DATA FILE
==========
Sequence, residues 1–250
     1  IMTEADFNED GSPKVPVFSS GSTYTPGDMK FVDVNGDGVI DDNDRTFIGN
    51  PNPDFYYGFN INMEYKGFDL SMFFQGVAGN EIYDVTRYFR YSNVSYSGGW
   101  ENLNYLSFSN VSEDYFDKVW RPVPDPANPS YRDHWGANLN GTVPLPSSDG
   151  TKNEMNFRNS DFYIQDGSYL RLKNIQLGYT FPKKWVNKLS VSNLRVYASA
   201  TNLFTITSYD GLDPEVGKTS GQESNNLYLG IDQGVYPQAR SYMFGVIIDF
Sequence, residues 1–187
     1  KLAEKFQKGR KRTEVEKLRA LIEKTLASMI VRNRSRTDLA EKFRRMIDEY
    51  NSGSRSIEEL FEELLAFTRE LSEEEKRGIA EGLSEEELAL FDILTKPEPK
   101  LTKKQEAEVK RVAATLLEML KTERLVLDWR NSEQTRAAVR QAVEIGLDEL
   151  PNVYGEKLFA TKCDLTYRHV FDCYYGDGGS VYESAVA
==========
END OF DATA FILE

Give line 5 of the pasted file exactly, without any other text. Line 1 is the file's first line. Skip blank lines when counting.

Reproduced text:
   151  TKNEMNFRNS DFYIQDGSYL RLKNIQLGYT FPKKWVNKLS VSNLRVYASA